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Heavy Rainfall Update #4

A MetService weather watch is in place for heavy rainfall in the Otago headwaters. Reasonably high intensity rain is also expected from morning to evening on Friday, but not as heavy as experienced earlier this week.

With the current MetService rainfall forecast, lake levels will continue to slowly rise this evening and in the coming days.

The outlook after the weekend is currently looking brighter, with no heavy rain expected. However, the lakes are at very high levels and may take several weeks to return to normal levels, and river flows downstream are also increasing.

ORC will be modelling the recession of lake levels, to predict how the lakes may respond to reduced inflows next week. This will give us an indication of how long the lakes may be at risk of elevated levels.

There is no longer a strong wind watch in place for Otago, but wave action is still possible on the lakes, and debris will remain a factor.

Lake Wanaka

At 3pm today, Lake Wanaka was at 279.97m. ORC modelling estimates that Lake Wanaka will reach a level of 280.3-280.5m by late in the weekend. Inundation of the lakeside Ardmore St can occur at 280.0m. There is a low confidence prediction, meaning a slim chance, that the level could reach 280.7m.

This level is above the January 2013 peak (279.4m), but well short of the November 1999 peak (281.3m). However, lake levels and river flows will continue to be high for some weeks, meaning there is a continued risk of further flooding.

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The attached map shows what parts of Wanaka are susceptible to flooding at different lake levels.

Lake Wakatipu

At 3pm today, Lake Wakatipu was at 311.20m. ORC now estimates that Lake Wakatipu will reach a level of 311.4m by Sunday afternoon, which is 0.1m above the level where flooding of the Queenstown stormwater system is a possibility. The lake begins to overtop into lower lying parts of the Glenorchy Waterfront Reserve at a level of 311m.

This lake level for Wakatipu is still well short of historic flood levels such as the November 1999 event (312.8m) and May 2010 event (311.48m).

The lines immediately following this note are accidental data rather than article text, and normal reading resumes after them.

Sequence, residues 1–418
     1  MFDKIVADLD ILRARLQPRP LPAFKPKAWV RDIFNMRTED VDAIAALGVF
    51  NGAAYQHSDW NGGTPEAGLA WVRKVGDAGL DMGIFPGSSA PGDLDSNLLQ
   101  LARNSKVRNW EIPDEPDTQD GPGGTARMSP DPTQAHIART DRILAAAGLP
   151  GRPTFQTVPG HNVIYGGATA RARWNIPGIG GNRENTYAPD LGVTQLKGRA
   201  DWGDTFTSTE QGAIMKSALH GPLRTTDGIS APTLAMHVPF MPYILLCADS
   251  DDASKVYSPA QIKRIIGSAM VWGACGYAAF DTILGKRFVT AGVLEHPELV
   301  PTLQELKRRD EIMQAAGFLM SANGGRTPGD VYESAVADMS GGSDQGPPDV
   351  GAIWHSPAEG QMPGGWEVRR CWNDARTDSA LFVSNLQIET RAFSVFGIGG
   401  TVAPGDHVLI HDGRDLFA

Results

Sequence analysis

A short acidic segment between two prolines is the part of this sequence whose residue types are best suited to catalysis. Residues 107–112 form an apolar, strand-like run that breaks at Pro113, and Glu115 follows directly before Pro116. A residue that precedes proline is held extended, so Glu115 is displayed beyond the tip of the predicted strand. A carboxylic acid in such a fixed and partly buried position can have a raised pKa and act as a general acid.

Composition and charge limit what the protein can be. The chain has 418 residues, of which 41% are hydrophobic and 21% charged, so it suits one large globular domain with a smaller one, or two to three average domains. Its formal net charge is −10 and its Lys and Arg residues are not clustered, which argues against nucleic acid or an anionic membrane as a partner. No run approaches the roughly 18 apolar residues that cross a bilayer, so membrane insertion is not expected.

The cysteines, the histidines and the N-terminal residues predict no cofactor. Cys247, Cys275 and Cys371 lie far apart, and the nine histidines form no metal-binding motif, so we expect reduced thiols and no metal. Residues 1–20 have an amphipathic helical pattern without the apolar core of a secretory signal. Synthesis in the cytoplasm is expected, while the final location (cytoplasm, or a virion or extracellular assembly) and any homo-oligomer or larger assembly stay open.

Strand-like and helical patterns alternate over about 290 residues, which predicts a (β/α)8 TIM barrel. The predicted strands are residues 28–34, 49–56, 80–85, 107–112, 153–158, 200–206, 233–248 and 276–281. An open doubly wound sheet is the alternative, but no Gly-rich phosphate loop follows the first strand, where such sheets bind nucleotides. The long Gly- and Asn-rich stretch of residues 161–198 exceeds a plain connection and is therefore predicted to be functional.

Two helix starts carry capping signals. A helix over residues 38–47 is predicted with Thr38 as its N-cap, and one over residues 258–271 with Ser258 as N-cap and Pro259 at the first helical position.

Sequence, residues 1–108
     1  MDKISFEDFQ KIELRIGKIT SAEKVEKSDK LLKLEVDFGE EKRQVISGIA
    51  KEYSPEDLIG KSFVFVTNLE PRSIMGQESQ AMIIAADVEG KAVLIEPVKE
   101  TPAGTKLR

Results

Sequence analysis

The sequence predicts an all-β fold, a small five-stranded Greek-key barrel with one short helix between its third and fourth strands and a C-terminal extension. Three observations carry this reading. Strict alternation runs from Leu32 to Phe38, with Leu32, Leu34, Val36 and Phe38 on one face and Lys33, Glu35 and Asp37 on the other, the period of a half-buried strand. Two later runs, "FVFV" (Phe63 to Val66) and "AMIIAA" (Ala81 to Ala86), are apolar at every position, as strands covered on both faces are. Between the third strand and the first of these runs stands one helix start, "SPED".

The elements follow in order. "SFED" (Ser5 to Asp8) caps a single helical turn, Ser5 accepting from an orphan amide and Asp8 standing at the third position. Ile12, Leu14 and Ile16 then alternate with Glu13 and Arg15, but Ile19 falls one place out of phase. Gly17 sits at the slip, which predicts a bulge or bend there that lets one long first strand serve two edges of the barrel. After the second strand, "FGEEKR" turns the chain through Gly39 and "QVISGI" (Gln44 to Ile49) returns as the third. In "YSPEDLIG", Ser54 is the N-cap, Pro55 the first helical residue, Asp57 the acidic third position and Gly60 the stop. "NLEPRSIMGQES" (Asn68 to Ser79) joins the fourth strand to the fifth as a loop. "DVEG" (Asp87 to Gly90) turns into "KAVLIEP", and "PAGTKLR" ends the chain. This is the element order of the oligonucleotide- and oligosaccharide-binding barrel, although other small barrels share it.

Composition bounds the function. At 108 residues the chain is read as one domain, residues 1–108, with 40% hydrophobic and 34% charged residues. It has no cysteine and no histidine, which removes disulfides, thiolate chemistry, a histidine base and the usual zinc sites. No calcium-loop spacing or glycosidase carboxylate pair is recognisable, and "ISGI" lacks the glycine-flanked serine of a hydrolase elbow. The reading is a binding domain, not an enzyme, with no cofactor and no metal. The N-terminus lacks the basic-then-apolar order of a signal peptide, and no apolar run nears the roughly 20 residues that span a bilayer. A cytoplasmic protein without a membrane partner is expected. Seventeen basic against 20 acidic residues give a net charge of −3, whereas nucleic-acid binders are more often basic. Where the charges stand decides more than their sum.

The attached maps show what parts of Queenstown Bay and Glenorchy are susceptible to flooding at different lake levels.

Downstream River Flows

The focus of ORC’s monitoring is extending throughout the full catchment as water moves downstream. The sequence of rain events and duration of high water and flow levels will continue to pose a risk throughout the catchment.

Contact Energy has increased the outflows from the Roxburgh dam to 1950cumecs (cubic metres per second).

Flows in the vicinity of Alexandra are rising in response to upstream flows, but we expect the flows to be contained within the river.

The Lindis and Manuherekia rivers have also experienced significant rises from rainfall on the northern Otago boundary.

Flow at Balclutha is rising and expected to pass 2000cumecs by this evening. ORC’s engineering team is monitoring flows at Balclutha and the Clutha River mouth to ensure the water is able to flow out to the sea unobstructed.

People operating in the vicinity of the Clutha / Mata-Au river in the coming days need to be aware of the possibility that the river level may rise rapidly because of high rainfall in the headwaters, regardless of the local weather. Local authorities (Central Otago and Clutha District Councils) will be sharing information on their social media and website pages.

CODC have a boil water notice in effect for the Alexandra, Roxburgh and Lake Roxburgh Village town water supplies, and are asking residents to conserve water.

ORC dedicated webpage for this event:



Otago Civil Defence and Emergency Management:




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